As a biological anthropologist, my research focuses on the evolution of human and non-human primate social and mating systems. Within this broad theoretical area, I am interested in the evolutionary origin and impact of female sociality and the complex interplay between male and female social and mating strategies.
I address these theoretical questions through field studies on wild bonobos (Pan paniscus), wild and free-ranging populations of several species of prosimian primates, primarily ruffed lemurs (Varecia variegata), ring-tailed lemurs (Lemur catta), and brown lemurs (Eulemur fulvus), and free-ranging Japanese macaques (Macaca fuscata), as well as in modern humans. These non-human primate species allow me to examine female sociality and power along a continuum of female influence within the social system.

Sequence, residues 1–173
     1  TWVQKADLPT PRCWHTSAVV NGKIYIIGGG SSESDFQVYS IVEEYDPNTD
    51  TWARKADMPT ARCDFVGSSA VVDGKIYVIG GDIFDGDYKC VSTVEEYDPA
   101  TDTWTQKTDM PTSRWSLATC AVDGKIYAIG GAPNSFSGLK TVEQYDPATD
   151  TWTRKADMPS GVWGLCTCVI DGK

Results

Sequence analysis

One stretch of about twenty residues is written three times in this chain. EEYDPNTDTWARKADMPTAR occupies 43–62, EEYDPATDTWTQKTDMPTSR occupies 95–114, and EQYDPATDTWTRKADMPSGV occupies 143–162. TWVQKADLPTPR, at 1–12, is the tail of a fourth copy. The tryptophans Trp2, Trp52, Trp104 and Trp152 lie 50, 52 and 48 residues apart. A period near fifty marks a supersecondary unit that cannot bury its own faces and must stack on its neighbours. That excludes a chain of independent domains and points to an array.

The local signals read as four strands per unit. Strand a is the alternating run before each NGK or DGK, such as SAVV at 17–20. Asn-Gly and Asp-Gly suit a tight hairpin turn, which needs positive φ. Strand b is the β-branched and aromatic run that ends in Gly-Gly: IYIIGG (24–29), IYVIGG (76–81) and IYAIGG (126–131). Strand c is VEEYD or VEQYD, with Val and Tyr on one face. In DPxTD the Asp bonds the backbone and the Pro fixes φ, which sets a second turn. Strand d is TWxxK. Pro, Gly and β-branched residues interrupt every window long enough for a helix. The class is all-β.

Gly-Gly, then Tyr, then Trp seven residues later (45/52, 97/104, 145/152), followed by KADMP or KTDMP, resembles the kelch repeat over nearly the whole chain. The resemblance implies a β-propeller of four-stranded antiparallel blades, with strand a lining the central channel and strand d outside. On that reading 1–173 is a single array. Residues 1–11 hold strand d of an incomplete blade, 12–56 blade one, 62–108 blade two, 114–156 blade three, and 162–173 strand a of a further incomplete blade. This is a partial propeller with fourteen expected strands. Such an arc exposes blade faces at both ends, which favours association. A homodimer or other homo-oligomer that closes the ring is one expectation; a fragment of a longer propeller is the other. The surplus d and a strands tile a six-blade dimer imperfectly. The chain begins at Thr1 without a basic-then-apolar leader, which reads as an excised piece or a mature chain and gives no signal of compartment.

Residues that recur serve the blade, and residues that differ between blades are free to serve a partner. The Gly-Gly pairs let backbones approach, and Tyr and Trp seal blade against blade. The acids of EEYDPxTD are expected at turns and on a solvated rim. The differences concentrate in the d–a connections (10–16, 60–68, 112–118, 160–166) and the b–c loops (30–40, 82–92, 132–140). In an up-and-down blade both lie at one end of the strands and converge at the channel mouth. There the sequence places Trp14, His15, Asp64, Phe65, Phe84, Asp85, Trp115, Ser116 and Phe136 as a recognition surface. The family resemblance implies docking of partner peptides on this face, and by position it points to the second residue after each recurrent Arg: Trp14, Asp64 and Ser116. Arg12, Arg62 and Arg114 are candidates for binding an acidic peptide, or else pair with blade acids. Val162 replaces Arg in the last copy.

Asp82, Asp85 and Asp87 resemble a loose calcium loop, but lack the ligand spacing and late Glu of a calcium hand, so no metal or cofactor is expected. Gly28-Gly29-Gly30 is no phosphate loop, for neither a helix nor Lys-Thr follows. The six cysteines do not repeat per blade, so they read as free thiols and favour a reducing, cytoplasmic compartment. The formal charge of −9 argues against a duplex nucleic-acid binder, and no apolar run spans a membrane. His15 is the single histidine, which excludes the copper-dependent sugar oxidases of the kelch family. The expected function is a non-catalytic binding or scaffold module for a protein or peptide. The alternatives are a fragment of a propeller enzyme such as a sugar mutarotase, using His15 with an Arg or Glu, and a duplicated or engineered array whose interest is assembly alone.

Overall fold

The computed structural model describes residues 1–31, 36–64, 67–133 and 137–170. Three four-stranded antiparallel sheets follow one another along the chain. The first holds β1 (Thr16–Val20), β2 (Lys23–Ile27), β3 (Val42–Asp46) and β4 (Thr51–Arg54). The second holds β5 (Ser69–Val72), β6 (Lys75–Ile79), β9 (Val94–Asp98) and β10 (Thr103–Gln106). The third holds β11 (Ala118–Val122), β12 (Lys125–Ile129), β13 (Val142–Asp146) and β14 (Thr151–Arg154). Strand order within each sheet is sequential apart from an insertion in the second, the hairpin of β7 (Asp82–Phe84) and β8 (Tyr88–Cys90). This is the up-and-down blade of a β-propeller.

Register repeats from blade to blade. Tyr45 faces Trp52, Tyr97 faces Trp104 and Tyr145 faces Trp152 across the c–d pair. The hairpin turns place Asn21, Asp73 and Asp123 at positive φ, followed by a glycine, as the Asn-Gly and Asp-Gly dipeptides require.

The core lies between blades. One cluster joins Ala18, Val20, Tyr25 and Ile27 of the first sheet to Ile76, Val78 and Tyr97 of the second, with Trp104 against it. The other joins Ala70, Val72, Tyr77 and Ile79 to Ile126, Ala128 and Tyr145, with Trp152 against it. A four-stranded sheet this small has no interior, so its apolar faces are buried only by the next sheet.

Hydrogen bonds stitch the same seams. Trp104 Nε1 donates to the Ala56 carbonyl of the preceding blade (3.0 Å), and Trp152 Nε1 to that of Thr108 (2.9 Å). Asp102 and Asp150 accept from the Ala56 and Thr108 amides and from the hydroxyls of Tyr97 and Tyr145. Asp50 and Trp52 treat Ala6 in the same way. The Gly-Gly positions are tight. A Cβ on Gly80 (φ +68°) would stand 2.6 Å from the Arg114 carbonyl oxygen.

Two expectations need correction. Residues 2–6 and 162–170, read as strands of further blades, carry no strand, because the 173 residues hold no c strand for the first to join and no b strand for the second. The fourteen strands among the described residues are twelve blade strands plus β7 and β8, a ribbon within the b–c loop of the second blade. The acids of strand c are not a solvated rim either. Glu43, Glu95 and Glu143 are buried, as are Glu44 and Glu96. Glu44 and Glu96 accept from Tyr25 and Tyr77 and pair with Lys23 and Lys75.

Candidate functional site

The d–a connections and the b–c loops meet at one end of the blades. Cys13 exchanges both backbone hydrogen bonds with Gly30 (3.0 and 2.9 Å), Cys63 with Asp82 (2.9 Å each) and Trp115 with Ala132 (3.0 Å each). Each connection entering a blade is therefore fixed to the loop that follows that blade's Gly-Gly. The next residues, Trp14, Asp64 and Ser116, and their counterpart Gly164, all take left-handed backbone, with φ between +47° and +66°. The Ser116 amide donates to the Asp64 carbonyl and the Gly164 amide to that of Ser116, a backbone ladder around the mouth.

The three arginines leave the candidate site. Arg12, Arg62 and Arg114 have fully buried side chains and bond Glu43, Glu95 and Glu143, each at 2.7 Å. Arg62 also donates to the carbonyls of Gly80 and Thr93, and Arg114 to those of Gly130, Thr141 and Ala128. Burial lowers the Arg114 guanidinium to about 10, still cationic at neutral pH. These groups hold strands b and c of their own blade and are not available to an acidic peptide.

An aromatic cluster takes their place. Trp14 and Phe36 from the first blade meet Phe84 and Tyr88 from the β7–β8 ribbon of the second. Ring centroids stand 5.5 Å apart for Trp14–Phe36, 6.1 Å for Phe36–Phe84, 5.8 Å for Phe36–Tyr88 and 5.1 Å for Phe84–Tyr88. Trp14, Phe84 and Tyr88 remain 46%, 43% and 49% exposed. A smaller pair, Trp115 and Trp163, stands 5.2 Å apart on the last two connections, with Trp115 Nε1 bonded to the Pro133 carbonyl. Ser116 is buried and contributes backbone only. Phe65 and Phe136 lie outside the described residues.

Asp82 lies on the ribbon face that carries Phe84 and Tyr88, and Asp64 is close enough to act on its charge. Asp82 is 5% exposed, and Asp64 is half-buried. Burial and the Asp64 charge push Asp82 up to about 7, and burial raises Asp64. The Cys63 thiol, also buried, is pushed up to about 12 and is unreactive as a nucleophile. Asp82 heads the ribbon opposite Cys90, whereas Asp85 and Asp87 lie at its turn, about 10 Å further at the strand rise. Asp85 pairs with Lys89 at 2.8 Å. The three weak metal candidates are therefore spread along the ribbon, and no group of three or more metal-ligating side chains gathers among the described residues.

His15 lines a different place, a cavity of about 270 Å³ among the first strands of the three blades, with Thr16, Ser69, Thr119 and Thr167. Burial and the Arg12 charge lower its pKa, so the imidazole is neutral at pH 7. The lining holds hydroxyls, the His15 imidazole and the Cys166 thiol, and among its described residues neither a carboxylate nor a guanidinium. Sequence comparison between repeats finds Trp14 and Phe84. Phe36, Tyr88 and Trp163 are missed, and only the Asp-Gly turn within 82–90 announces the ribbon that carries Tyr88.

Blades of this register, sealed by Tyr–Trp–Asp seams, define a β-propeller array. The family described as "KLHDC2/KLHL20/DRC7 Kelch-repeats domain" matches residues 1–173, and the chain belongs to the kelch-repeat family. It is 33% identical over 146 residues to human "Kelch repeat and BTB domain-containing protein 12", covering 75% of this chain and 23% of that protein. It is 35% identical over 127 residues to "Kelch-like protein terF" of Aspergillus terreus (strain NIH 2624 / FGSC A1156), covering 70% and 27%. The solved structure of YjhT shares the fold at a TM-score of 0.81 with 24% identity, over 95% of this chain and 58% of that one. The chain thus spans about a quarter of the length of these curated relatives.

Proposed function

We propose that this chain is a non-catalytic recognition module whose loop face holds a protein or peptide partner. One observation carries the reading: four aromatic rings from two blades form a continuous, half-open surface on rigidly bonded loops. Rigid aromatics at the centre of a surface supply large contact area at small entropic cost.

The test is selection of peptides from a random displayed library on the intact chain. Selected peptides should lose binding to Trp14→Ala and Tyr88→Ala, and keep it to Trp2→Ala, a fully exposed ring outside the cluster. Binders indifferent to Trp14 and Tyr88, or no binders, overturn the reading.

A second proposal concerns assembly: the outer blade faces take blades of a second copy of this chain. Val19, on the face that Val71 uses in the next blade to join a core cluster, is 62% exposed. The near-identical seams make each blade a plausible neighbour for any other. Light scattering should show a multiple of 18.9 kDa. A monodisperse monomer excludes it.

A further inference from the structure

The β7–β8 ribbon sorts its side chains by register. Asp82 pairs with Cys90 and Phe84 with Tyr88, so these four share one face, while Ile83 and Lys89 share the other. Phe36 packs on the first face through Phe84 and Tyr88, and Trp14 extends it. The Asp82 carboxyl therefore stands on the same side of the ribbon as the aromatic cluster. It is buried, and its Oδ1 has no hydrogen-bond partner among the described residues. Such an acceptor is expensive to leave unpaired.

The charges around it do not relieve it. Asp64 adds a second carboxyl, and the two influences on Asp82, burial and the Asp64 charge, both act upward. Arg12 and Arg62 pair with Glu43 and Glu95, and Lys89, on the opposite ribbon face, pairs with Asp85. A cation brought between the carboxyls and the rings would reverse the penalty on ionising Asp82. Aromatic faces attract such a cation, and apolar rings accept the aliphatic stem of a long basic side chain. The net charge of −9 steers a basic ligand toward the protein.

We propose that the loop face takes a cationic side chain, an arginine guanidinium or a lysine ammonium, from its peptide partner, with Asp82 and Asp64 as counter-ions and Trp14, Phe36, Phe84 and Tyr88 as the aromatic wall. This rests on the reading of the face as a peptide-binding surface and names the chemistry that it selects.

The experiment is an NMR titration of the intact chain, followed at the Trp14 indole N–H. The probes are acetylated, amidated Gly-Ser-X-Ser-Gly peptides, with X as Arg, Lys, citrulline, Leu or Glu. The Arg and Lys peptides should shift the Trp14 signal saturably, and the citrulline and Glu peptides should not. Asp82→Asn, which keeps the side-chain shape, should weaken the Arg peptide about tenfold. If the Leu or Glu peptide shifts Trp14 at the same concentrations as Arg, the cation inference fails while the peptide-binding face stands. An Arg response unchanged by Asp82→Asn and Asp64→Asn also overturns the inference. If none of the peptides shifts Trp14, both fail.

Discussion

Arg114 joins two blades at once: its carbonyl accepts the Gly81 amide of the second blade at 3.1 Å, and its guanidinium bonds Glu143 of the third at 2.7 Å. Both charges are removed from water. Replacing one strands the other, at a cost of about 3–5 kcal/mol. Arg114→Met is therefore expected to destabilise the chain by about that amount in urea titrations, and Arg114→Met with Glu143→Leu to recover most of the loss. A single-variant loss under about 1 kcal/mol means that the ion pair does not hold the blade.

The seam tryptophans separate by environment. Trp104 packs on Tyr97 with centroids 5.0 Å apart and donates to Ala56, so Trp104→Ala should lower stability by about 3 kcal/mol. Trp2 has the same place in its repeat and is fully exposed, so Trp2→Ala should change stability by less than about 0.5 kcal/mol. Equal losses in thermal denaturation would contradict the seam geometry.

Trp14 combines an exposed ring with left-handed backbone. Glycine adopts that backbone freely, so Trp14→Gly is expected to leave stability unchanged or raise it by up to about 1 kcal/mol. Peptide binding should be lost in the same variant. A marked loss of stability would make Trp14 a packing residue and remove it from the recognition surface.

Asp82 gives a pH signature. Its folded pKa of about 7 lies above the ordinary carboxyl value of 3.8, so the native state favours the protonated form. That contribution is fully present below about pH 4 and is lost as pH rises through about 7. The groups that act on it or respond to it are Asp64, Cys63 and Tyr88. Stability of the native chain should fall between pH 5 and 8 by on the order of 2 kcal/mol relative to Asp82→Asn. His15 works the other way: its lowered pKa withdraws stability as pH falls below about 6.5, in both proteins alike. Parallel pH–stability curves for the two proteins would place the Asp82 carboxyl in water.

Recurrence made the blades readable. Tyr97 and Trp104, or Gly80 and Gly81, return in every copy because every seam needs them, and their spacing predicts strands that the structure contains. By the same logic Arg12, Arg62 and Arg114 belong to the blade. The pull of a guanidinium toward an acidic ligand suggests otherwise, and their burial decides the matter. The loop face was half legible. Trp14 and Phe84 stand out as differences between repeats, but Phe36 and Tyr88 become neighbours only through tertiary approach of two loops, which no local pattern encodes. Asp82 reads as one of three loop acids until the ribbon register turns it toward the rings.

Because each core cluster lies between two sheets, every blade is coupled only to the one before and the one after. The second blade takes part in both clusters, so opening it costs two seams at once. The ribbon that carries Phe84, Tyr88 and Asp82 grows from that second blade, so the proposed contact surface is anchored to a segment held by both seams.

In ruffed and ring-tailed lemurs, the females are dominant to the males; in brown lemurs, there is no sex-based dominance; in my principal study species, the bonobo, males are individually dominant to females but females are collectively dominant to individual males; and in Japanese macaques, males are consistently dominant to females despite strong female cohesion. Understanding the social and ecological pressures that drive the evolution of these aspects of non-human primate systems can then help me to reconstruct and test hypotheses on the evolutionary history of human sociality and mating systems.